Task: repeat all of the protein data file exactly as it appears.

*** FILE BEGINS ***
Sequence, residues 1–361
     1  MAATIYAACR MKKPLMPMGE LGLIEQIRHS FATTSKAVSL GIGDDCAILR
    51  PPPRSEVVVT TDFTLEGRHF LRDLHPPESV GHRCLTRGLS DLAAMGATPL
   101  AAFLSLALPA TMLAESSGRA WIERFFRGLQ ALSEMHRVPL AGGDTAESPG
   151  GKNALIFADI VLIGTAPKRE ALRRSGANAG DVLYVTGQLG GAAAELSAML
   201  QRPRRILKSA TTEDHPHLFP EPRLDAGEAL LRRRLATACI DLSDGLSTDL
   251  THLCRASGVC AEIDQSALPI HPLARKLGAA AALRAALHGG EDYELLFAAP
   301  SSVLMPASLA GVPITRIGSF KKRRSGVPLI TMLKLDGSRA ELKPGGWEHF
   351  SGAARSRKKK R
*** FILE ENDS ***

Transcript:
Sequence, residues 1–361
     1  MAATIYAACR MKKPLMPMGE LGLIEQIRHS FATTSKAVSL GIGDDCAILR
    51  PPPRSEVVVT TDFTLEGRHF LRDLHPPESV GHRCLTRGLS DLAAMGATPL
   101  AAFLSLALPA TMLAESSGRA WIERFFRGLQ ALSEMHRVPL AGGDTAESPG
   151  GKNALIFADI VLIGTAPKRE ALRRSGANAG DVLYVTGQLG GAAAELSAML
   201  QRPRRILKSA TTEDHPHLFP EPRLDAGEAL LRRRLATACI DLSDGLSTDL
   251  THLCRASGVC AEIDQSALPI HPLARKLGAA AALRAALHGG EDYELLFAAP
   301  SSVLMPASLA GVPITRIGSF KKRRSGVPLI TMLKLDGSRA ELKPGGWEHF
   351  SGAARSRKKK R